All articles from Materials Sciences >>>

The most recent press releases about innovation >>>

Die letzten 5 Focus-News des innovations-reports im Überblick:

Im Focus: Significantly more productivity in USP lasers

In recent years, lasers with ultrashort pulses (USP) down to the femtosecond range have become established on an industrial scale. They could advance some applications with the much-lauded “cold ablation” – if that meant they would then achieve more throughput. A new generation of process engineering that will address this issue in particular will be discussed at the “4th UKP Workshop – Ultrafast Laser Technology” in April 2017.

Even back in the 1990s, scientists were comparing materials processing with nanosecond, picosecond and femtosesecond pulses. The result was surprising:...

Im Focus: Shape matters when light meets atom

Mapping the interaction of a single atom with a single photon may inform design of quantum devices

Have you ever wondered how you see the world? Vision is about photons of light, which are packets of energy, interacting with the atoms or molecules in what...

Im Focus: Novel silicon etching technique crafts 3-D gradient refractive index micro-optics

A multi-institutional research collaboration has created a novel approach for fabricating three-dimensional micro-optics through the shape-defined formation of porous silicon (PSi), with broad impacts in integrated optoelectronics, imaging, and photovoltaics.

Working with colleagues at Stanford and The Dow Chemical Company, researchers at the University of Illinois at Urbana-Champaign fabricated 3-D birefringent...

Im Focus: Quantum Particles Form Droplets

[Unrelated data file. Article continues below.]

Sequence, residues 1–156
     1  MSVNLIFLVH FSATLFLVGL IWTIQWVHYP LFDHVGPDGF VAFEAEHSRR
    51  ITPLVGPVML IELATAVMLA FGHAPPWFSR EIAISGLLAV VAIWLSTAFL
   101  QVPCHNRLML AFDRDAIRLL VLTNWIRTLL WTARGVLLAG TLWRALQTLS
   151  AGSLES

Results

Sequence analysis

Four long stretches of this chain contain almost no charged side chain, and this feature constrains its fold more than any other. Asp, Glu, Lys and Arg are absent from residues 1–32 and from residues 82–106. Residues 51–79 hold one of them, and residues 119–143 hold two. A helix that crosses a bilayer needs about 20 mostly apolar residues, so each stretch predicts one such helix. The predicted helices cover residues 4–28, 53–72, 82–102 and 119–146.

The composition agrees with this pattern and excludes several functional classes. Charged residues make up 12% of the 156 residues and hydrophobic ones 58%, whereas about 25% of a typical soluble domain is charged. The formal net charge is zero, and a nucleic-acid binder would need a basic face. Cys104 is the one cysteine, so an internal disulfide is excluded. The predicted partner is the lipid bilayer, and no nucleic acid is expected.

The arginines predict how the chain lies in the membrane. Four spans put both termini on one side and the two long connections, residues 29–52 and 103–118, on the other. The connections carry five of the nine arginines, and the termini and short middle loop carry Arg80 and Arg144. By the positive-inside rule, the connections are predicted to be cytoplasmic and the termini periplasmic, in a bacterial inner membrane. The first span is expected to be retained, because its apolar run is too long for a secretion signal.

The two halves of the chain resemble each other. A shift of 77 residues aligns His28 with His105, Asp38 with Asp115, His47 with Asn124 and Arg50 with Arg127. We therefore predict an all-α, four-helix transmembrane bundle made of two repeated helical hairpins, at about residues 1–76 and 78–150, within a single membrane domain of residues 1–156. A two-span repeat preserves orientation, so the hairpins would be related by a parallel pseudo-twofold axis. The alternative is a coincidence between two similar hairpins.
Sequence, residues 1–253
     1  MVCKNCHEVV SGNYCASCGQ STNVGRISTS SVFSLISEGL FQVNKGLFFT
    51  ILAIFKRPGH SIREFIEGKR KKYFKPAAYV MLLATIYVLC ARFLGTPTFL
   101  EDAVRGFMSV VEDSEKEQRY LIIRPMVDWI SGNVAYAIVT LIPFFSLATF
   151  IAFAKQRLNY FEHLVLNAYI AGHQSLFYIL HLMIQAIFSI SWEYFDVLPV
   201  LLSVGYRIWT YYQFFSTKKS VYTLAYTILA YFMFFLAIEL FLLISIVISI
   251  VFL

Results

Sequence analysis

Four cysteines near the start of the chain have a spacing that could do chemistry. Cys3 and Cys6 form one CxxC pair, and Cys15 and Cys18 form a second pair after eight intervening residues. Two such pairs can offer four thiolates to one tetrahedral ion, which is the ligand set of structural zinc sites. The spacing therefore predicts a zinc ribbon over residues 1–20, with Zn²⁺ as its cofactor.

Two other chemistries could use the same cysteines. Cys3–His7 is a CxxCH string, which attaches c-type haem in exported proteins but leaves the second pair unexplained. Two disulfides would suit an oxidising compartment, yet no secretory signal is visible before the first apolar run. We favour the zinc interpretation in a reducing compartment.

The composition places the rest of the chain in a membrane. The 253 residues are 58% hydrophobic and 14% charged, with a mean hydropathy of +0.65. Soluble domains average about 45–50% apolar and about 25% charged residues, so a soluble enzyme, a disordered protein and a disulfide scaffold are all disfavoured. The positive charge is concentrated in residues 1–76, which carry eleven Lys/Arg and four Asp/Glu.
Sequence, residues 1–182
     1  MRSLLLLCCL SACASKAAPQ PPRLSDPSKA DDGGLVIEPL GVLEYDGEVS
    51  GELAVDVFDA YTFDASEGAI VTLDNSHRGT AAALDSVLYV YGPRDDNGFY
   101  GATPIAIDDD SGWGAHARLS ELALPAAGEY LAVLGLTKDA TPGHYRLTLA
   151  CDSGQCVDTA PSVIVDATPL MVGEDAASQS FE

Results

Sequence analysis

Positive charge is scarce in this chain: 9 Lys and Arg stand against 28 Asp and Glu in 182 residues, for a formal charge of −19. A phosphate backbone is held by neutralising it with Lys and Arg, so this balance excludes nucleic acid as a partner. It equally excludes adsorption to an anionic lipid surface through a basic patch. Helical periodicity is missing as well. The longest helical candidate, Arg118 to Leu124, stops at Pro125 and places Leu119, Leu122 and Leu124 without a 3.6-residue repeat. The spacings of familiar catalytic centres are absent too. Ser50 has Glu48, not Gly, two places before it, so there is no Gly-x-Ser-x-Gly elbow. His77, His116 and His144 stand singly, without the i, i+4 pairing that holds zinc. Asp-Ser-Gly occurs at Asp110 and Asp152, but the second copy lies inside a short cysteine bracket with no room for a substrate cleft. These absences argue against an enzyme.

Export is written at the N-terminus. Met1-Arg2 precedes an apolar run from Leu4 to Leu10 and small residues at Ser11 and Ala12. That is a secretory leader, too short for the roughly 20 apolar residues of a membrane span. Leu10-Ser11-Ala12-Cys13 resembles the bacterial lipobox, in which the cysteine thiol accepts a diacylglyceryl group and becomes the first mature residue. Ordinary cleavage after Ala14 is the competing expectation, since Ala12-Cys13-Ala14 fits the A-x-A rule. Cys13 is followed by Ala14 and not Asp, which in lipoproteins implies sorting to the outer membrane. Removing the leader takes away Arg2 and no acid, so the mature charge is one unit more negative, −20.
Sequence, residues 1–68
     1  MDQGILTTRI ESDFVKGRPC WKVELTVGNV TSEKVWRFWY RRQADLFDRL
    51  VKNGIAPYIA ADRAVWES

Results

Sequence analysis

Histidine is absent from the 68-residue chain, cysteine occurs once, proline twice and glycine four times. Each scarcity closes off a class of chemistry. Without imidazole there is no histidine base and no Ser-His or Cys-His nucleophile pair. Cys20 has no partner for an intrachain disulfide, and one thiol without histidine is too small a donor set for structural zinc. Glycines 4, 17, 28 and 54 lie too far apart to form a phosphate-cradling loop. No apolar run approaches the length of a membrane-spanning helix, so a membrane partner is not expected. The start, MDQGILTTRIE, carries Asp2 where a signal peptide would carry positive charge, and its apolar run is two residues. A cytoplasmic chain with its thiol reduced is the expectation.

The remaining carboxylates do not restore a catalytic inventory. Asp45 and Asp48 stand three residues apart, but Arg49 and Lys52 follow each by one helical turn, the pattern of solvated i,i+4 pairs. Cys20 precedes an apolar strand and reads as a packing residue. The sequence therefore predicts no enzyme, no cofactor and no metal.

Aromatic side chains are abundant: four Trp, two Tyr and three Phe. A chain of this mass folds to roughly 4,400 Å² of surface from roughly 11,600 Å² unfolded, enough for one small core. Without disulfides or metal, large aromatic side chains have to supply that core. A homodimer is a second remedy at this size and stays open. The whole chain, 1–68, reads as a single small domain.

In experiments with magnetic atoms conducted at extremely low temperatures, scientists have demonstrated a unique phase of matter: The atoms form a new type of quantum liquid or quantum droplet state. These so called quantum droplets may preserve their form in absence of external confinement because of quantum effects. The joint team of experimental physicists from Innsbruck and theoretical physicists from Hannover report on their findings in the journal Physical Review X.

“Our Quantum droplets are in the gas phase but they still drop like a rock,” explains experimental physicist Francesca Ferlaino when talking about the...

Im Focus: MADMAX: Max Planck Institute for Physics takes up axion research

The Max Planck Institute for Physics (MPP) is opening up a new research field. A workshop from November 21 - 22, 2016 will mark the start of activities for an innovative axion experiment. Axions are still only purely hypothetical particles. Their detection could solve two fundamental problems in particle physics: What dark matter consists of and why it has not yet been possible to directly observe a CP violation for the strong interaction.

The “MADMAX” project is the MPP’s commitment to axion research. Axions are so far only a theoretical prediction and are difficult to detect: on the one hand,...

All Focus news of the innovation-report >>>

Anzeige

Anzeige

Event News

ICTM Conference 2017: Production technology for turbomachine manufacturing of the future

16.11.2016 | Event News

Innovation Day Laser Technology – Laser Additive Manufacturing

01.11.2016 | Event News

#IC2S2: When Social Science meets Computer Science - GESIS will host the IC2S2 conference 2017

14.10.2016 | Event News

 
Latest News

Silicon solar cell of ISFH yields 25% efficiency with passivating POLO contacts

08.12.2016 | Power and Electrical Engineering

NTU scientists build new ultrasound device using 3-D printing technology

07.12.2016 | Health and Medicine

The balancing act: An enzyme that links endocytosis to membrane recycling

07.12.2016 | Life Sciences

VideoLinks
B2B-VideoLinks
More VideoLinks >>>